The film follows a young kid named Ted (voiced by Zac Efron) who lives in the town of Thneed-Ville. In his town, no living trees exist and to survive, air must be bought from business mogul and mayor, Mr. O’Hare (voiced by Rob Riggle). Ted has a crush on a pretty girl named Audrey (voiced by Taylor Swift) who longs to get away from the artificiality of their town’s blow-up plants and see a real tree. Perhaps naively, Ted figures the only way he’ll get Audrey to reciprocate his feelings is to find one, so he ventures outside of his town, which has been closed off from the rest of the world. Out there, he finds nothing but environmental destruction and eventually runs into a man called the Once-ler (voiced by Ed Helms) who recounts his introduction to the guardian of the land, the Lorax (voiced by Danny DeVito), and how his invention began the destruction of what used to be a lively paradise.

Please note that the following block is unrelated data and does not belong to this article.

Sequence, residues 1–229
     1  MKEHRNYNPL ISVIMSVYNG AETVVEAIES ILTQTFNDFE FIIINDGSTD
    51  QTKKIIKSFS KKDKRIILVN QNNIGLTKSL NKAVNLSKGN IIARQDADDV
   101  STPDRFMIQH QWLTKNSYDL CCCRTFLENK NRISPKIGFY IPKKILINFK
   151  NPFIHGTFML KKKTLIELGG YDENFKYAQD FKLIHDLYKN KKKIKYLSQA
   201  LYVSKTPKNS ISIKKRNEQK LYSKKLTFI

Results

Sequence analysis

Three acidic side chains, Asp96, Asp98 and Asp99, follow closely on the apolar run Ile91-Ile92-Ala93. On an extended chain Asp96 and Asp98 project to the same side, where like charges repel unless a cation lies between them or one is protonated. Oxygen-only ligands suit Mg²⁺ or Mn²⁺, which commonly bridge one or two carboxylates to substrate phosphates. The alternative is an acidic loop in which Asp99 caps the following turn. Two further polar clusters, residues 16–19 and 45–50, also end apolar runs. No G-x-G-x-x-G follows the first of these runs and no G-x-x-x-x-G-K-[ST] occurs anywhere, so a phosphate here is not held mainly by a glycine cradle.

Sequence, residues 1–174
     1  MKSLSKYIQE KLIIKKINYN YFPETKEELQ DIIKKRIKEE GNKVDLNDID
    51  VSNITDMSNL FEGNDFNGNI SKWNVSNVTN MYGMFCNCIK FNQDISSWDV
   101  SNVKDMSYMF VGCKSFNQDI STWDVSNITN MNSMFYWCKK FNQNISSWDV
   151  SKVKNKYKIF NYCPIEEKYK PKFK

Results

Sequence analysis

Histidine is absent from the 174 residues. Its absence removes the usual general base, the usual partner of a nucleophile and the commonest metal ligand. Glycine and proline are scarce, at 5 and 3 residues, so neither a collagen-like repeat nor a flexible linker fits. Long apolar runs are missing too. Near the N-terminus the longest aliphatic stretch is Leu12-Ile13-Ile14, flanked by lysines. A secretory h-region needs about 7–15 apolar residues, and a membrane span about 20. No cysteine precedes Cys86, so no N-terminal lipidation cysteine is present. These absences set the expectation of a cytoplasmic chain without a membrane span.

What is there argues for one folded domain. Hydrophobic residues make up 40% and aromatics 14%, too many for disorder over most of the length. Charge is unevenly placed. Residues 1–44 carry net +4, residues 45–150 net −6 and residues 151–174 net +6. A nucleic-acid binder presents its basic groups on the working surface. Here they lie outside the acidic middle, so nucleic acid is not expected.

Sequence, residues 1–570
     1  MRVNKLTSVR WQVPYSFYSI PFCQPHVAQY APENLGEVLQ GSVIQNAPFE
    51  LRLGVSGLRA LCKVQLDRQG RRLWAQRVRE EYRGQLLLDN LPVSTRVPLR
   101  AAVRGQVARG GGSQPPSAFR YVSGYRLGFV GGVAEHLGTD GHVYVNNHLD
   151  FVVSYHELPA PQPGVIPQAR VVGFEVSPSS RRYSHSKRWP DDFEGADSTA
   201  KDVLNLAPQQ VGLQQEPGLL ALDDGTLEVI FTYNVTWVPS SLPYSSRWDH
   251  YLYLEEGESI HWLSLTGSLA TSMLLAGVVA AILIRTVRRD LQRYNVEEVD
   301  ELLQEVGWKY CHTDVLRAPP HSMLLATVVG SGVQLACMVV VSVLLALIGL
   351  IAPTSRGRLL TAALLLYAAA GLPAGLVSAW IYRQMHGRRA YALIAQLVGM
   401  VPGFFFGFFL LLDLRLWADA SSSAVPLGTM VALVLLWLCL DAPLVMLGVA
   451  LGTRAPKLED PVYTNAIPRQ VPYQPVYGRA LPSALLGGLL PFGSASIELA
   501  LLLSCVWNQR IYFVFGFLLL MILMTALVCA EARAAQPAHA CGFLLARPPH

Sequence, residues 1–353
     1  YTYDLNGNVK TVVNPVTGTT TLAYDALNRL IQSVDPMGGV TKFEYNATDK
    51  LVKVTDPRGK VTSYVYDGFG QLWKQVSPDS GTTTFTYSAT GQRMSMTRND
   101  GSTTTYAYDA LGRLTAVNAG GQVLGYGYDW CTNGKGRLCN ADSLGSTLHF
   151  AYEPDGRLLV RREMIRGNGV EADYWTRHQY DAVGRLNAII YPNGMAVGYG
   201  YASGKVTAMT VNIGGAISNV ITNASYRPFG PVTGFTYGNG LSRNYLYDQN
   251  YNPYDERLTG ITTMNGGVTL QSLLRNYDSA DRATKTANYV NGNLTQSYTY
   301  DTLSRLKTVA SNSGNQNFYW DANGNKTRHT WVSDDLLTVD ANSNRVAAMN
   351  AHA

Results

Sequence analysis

Dr. Seuss’ The Lorax has good intentions, as most kids movies do. It tries to entertain the young ones in the audience with songs and colorful visuals while also, in its own goofy way, opening their eyes to the beauty of nature and the dangers of deforestation. There’s nothing inherently wrong with that and while I certainly don’t feel adamant enough about it to tell you not to take your child to see it, The Lorax over-emotionalizes its message to an intense degree. In an early scene, for example, after the Once-ler cuts down his first tree, the animals of the forest place symbolic mourning rocks around the tree and hold hands while slow, somber music begins to bellow from the speakers. Though it still would have been too much later in the film, it would have fit more appropriately after the full destruction of the forest. Its placement at such an early stage and after one tree is cut down is more comical than it is sad.